Being a man that grew up in a society that was basically conditioned and taught that men are strong and must at all costs never show weakness or become emotional, meant that it was almost impossible for me to open up about suffering from depression in my twenties. The stigma that surrounded men and depression of twenty or so ago was truly incredible. Admitting that I was not well and simply wasn’t coping with life, and that I hadn’t coped with life very well since my teenage years was tough. Ok you couldn’t see my illness. It was not like a sore throat. It was invisible to see, but that didn’t mean it wasn’t there. It was and there were days that life was quite simply too much to deal with.
As a man I was always told to grow a pair and stop whinging. To just get on with it. People would ask me what my problem was, and then tell me that there is nothing wrong with me. This was all over 20 years ago and thankfully times are changing. Men in particular are finally being encouraged to speak out and seek help instead of suffering in silence as I did for years on end.
It took me many years to finally build up the courage to see a doctor, and truth be told the first time I did I went as far as the surgery door, but I didn’t go in for fear that the doctor wouldn’t take me seriously. Eventually I did walk through that door because I simply couldn’t carry on living the way I was living, always on edge or so depressed that it was difficult to get out of bed. Getting motivated was quite honestly on certain days a non-starter.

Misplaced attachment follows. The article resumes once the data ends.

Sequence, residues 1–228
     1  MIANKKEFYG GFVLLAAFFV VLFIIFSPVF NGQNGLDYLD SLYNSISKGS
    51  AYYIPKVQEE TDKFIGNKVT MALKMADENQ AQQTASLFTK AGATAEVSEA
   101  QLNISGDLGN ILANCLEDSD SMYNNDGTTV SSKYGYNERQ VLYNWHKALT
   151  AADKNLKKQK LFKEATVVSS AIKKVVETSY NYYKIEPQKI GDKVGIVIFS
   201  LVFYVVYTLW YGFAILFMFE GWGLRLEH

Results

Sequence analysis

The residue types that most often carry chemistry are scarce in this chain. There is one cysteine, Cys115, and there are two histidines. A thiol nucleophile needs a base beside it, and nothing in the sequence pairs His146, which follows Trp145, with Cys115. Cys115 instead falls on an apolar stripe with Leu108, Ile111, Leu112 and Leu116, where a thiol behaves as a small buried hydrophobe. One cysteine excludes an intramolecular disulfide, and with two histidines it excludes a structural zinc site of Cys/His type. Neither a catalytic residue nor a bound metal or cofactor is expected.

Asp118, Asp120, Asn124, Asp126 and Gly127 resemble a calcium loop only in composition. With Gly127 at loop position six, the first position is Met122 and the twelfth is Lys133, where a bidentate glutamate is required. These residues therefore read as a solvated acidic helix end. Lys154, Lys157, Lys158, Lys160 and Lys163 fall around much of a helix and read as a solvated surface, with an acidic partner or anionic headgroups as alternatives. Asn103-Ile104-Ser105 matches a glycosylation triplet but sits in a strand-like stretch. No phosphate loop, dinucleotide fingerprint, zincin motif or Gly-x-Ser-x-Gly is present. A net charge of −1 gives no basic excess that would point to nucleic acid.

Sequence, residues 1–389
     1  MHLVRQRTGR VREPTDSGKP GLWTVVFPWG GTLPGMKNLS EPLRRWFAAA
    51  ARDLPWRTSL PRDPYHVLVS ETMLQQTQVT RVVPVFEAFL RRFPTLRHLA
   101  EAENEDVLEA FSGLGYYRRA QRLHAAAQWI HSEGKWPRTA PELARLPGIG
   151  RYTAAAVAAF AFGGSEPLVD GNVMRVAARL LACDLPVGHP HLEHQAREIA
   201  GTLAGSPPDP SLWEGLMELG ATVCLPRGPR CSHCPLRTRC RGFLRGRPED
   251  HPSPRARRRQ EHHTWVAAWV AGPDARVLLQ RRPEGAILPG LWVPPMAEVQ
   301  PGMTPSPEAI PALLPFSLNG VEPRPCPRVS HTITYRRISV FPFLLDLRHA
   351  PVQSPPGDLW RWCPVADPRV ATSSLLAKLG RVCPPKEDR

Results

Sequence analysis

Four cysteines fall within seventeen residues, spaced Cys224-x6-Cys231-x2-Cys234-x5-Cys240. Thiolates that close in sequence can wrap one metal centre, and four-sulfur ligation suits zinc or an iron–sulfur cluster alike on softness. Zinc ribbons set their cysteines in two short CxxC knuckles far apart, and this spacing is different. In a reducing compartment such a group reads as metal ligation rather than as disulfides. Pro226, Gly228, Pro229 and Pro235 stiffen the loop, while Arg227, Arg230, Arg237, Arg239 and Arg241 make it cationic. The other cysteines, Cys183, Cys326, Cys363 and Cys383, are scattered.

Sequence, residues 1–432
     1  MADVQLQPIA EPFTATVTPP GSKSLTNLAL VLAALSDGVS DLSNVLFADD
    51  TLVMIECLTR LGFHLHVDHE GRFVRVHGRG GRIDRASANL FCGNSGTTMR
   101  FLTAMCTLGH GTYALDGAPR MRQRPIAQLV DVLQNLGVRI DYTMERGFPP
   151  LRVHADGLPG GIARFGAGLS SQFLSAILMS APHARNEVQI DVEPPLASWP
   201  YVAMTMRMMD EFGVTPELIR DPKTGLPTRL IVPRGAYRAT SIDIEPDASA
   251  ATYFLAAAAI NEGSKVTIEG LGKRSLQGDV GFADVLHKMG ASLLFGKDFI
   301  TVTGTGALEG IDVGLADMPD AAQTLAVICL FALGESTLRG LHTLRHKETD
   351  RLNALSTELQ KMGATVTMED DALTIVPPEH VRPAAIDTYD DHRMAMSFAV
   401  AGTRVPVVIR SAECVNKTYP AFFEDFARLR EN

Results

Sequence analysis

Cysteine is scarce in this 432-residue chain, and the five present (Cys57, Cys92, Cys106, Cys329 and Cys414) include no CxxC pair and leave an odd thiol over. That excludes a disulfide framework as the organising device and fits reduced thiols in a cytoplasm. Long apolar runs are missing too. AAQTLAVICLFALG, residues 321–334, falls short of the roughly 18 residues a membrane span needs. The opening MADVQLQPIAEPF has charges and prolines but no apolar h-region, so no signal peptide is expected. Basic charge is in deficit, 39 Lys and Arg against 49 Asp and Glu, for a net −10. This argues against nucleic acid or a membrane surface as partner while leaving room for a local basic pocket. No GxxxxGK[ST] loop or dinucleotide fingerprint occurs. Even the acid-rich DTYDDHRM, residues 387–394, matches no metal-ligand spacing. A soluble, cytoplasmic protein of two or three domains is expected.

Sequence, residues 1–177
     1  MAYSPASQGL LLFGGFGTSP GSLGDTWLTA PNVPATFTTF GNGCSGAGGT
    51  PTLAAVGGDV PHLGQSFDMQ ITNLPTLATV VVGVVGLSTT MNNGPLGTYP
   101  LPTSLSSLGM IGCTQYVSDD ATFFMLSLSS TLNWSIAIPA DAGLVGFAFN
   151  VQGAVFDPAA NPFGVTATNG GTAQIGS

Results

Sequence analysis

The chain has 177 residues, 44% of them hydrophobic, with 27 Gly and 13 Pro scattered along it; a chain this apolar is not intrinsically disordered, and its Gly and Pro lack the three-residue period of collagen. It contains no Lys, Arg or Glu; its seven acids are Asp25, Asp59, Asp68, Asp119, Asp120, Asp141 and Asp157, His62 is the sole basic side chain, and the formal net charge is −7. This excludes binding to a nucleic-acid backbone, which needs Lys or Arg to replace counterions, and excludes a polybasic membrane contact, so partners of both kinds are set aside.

When I finally went in and saw my doctor he was very understanding, but I also felt that I was dealt with quickly and given some medication, which of course helped, no doubt there, but looking back I feel that some counselling or therapy would have been of great benefit alongside the medication. Nowadays of course therapy and counselling is available online, and doing it in the comfort of your own home can be relaxing, and possibly more helpful. So if you know you have a problem with mental health and can’t face going to the doctors, I’d recommend going online for help.
I cannot emphasise enough the importance of World Mental Health Day. We as a society need to talk more about mental health problems for all genders so that people don’t end up being lost, and worse still, commit suicide because they see no other way out.
Men in particular need to talk, and the stigma of depression or any mental health issue for that matter has to be eradicated. There is no shame or stigma in admitting you may have a mental health issue, and this has to be conveyed to all people so they know they are not alone.
University students are also susceptible to depression. This is because all of sudden they’ve moved from what they have possibly considered a totally safe environment with mum and/or dad, to one of trying to fit in a completely new lifestyle whilst trying to make new friends at the same, and that in itself can be a recipe for going down a road of depression. It’s important to remember that mental health is as important as physical health. As such you should always ask your children if everything is ok, and make sure that they know they can talk to you anytime. It’s so important to always keep open that line of communication.
So today on World Mental Health Day if you know anybody that suffers from depression or any mental health issue for that matter, reach out to them, talk to them and try connecting with them so they know that they are not alone. In all honesty depression can cause somebody to take their life, but by reaching out to them you could be saving a life.
World Mental Health Day is October 10th 2018. Spread the word, and please share on social media using the hashtag: #WorldMentalHealthDay2018
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